The Rev. Branan G. Thompson Jr., 83, who served both Baptist and United Methodist Churches throughout the Roanoke Valley for more than 50 years, died Wednesday, February 24, at his home in the Oak Grove area of Roanoke County. He had been in declining health for the past two years.
His funeral was conducted Saturday, February 27, at Windsor Hills United Methodist Church where he had served for the past 20 years as minister to senior adults; in that role he often led bus tours to Western Virginia sites that were open to friends outside the membership.
His major survivors are sons, Scott B. Thompson and partner James Duplissie of Portland, Maine, and John D. Thompson of New York City and a sister, Dixie Alexander of Atlanta.
The widower of Gay Frith Thompson of Rocky Mount, the pastor was a native of Milledgeville, Georgia. He grew up in the rural community of New Hope where early on he acquired love of fishing.
With an early interest in medicine, Thompson instead became a Southern Baptist minister. His undergraduate education was taken at Mercer University with further studies at Southeastern Baptist Theological Seminary in Wake Forest, North Carolina, and at Southern Baptist Theological Seminary in Louisville, Kentucky and Union Theological Seminary in New York.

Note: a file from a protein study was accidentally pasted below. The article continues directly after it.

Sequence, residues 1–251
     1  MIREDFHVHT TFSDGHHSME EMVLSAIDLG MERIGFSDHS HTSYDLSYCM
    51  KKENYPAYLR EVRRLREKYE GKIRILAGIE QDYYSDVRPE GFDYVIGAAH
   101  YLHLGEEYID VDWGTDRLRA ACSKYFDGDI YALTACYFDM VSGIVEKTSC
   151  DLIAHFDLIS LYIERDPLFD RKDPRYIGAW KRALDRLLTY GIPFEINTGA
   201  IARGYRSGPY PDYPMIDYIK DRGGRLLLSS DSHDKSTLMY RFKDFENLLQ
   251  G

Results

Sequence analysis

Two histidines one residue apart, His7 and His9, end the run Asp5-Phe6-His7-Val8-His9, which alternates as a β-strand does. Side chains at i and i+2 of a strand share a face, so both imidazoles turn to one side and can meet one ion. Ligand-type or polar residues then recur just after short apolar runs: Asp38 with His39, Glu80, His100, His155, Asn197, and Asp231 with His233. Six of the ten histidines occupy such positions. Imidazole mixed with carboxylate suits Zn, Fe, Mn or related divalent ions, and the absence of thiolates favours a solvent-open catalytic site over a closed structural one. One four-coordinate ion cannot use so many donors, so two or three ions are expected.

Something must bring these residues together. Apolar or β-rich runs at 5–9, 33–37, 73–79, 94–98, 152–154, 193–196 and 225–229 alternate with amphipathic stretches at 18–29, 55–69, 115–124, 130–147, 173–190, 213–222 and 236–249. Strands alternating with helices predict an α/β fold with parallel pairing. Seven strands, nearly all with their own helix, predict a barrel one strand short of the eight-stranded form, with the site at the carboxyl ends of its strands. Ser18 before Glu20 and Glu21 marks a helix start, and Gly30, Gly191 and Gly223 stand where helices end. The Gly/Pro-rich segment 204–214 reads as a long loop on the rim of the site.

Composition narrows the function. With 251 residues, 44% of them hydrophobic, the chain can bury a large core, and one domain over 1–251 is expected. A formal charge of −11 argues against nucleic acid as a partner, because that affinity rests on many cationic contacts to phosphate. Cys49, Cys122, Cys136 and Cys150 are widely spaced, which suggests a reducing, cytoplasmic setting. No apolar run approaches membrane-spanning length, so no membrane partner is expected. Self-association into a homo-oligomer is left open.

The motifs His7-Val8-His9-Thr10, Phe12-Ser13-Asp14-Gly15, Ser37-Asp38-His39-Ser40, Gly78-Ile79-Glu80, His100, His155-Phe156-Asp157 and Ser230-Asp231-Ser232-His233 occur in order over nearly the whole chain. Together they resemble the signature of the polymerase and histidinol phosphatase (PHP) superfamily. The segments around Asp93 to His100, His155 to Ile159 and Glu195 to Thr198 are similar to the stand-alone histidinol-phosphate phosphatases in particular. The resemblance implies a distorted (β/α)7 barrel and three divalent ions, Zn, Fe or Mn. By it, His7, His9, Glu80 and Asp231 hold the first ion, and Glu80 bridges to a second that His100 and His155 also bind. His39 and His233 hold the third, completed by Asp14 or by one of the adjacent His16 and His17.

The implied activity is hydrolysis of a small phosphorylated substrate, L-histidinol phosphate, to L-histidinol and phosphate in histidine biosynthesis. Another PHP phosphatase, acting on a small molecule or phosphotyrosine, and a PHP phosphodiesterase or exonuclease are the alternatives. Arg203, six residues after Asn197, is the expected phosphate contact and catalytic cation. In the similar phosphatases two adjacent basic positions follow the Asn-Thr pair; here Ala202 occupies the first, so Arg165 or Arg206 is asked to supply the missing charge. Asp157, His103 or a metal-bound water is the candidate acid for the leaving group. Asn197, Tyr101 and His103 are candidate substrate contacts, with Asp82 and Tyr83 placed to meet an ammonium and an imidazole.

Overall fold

His early interest in medicine was demonstrated in the years in the Roanoke Valley that he actively supported groups to bring clergy and physicians together to effect healing of body and spirit. Especially was this important in the active years of the Roanoke Valley Ministers Conference some 40 years ago.
Thompson was known in many groups in the area for his skill in presenting magic tricks and in creativity displayed in music. He served on the boards of several valley organizations especially those concerned with mental health and music.
Although he came to the area in 1968 to serve as an early pastor of Colonial Avenue Baptist Church and remained there for 30 years, he was unable to accept the increasing conservatism on many human cultural issues now favored by leaders of the predominant Southern Baptist Convention. After leaving Colonial Avenue, he joined the neighborhood United Methodist parish where he helped establish programs and ministries for older members.
Among his distinctions was composing a song, “Virginia’s My Home” which became one of the final selections as a new state anthem was being promoted to replace one with outmoded lyrics in use for many decades.
- Submitted by Frances Stebbins